Particular implementations of the subject matter have been described. Other implementations, alterations, and permutations of the described implementations are within the scope of the following claims as will be apparent to those skilled in the art. While operations are depicted in the drawings or claims in a particular order, this should not be understood as requiring that such operations be performed in the particular order shown or in sequential order, or that all illustrated operations be performed (some operations may be considered optional), to achieve desirable results. In certain circumstances, multitasking or parallel processing (or a combination of multitasking and parallel processing) may be advantageous and performed as deemed appropriate.

Moreover, the separation or integration of various system modules and components in the previously described implementations should not be understood as requiring such separation or integration in all implementations, and it should be understood that the described components and systems can generally be integrated together or packaged into multiple products.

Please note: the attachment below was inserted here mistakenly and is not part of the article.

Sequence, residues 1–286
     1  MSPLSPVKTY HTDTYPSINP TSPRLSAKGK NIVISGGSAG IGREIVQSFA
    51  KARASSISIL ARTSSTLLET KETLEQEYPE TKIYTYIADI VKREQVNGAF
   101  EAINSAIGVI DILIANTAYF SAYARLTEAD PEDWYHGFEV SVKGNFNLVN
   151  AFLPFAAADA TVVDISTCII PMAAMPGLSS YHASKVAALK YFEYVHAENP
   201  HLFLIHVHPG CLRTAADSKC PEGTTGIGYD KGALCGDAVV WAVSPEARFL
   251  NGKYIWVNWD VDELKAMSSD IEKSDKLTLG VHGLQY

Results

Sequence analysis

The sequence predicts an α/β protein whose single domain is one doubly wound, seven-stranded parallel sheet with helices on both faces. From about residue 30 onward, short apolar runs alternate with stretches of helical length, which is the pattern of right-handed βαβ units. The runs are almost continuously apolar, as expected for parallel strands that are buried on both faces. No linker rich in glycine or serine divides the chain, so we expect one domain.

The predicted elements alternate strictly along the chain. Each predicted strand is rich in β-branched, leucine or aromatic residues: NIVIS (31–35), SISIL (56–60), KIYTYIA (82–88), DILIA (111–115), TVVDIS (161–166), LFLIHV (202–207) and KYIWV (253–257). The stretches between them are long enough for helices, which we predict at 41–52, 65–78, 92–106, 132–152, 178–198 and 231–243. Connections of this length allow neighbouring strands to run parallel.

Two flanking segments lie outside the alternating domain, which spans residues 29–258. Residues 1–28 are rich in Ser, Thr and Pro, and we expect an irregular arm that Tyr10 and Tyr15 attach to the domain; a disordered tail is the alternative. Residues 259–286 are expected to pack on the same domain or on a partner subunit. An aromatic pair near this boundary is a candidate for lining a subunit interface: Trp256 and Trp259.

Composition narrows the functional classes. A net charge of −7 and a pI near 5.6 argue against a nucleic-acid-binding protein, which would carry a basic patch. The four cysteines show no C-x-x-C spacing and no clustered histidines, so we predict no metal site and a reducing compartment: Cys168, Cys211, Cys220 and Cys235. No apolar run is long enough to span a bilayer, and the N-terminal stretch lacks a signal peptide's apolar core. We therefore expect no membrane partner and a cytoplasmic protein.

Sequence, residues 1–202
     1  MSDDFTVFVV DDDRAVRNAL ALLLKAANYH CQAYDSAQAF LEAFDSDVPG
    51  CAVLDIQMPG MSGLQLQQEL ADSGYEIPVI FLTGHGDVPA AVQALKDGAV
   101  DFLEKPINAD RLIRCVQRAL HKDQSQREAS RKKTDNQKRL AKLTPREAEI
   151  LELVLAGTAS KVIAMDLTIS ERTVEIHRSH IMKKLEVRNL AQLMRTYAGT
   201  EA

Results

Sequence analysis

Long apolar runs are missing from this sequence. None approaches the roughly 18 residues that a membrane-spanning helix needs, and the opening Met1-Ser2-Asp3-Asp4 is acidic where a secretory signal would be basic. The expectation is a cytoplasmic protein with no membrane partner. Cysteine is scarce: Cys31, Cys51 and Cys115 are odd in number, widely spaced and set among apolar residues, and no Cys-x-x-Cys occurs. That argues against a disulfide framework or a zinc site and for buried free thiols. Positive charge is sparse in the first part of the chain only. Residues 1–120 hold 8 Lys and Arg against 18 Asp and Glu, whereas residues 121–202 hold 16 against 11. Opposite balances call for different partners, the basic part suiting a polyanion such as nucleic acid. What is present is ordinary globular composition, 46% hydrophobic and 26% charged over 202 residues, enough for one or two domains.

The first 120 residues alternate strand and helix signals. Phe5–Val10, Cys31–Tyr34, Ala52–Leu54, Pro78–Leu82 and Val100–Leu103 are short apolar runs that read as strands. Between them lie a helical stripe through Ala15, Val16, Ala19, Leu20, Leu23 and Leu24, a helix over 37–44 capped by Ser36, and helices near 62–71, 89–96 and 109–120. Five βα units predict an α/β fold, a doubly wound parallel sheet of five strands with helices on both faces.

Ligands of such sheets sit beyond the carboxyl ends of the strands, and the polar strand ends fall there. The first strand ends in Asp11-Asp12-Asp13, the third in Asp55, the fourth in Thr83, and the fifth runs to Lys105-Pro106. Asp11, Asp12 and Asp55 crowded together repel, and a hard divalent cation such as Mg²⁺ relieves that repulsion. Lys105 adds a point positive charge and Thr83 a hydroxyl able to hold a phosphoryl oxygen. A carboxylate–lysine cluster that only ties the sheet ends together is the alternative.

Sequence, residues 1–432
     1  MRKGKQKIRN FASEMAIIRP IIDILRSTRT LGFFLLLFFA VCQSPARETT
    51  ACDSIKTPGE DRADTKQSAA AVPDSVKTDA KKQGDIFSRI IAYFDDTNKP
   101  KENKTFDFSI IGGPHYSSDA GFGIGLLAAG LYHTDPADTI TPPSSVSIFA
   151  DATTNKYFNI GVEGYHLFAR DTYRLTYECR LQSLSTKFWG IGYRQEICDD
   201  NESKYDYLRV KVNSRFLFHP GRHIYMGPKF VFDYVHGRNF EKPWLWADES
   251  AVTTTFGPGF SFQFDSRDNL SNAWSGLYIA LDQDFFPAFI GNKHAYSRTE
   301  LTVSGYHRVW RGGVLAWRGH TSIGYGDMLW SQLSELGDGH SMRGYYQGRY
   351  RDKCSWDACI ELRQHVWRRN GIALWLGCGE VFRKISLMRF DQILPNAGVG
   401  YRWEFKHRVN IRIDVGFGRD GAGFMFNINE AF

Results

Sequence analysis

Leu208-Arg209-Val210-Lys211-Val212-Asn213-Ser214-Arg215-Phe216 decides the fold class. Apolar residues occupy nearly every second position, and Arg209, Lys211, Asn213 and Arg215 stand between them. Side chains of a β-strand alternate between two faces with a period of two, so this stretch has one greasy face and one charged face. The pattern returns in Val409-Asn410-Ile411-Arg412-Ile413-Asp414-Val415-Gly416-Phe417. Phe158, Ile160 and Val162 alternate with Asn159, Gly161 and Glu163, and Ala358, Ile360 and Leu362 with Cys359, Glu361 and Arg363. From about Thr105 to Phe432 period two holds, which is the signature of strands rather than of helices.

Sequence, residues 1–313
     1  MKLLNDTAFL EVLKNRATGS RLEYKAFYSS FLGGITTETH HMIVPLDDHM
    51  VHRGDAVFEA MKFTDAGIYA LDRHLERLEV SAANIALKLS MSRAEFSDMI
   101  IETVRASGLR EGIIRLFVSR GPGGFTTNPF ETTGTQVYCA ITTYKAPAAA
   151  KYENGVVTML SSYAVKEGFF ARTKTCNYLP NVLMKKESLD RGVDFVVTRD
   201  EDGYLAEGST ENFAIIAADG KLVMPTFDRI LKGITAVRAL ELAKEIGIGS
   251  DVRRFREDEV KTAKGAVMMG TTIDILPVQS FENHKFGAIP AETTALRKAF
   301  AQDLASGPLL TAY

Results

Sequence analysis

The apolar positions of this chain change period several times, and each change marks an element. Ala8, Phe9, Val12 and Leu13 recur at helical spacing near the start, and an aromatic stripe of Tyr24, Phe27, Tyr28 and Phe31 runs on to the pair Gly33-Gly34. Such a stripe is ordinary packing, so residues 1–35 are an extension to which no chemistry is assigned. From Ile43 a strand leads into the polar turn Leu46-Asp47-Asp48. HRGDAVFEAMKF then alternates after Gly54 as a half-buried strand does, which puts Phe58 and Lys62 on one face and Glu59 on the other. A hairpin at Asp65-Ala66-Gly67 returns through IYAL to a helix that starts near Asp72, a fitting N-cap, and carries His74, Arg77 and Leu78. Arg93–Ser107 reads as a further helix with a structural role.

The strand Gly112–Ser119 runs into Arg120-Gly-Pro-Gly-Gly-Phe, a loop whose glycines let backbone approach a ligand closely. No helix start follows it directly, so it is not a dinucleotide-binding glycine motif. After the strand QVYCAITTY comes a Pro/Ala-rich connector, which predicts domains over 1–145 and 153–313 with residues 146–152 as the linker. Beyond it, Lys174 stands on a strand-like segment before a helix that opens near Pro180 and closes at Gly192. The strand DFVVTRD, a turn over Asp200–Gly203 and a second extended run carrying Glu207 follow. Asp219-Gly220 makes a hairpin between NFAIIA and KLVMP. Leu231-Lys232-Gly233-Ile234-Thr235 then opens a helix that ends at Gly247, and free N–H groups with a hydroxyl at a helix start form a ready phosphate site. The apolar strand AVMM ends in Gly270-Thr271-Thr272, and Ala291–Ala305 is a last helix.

Accordingly, the previously described example implementations do not define or constrain the present disclosure. Other changes, substitutions, and alterations are also possible without departing from the spirit and scope of the present disclosure.

Claims

1. A multiphase flow measurement apparatus comprising:

a tubular comprising a wall formed to define an inner bore configured to flow a multiphase fluid;
a first microwave resonator disposed on an outer circumferential surface of the wall, the first microwave resonator having a first helical shape with a first longitudinal length, the first microwave resonator configured to generate a first electric field that rotates in the inner bore along the first helical shape of the first microwave resonator;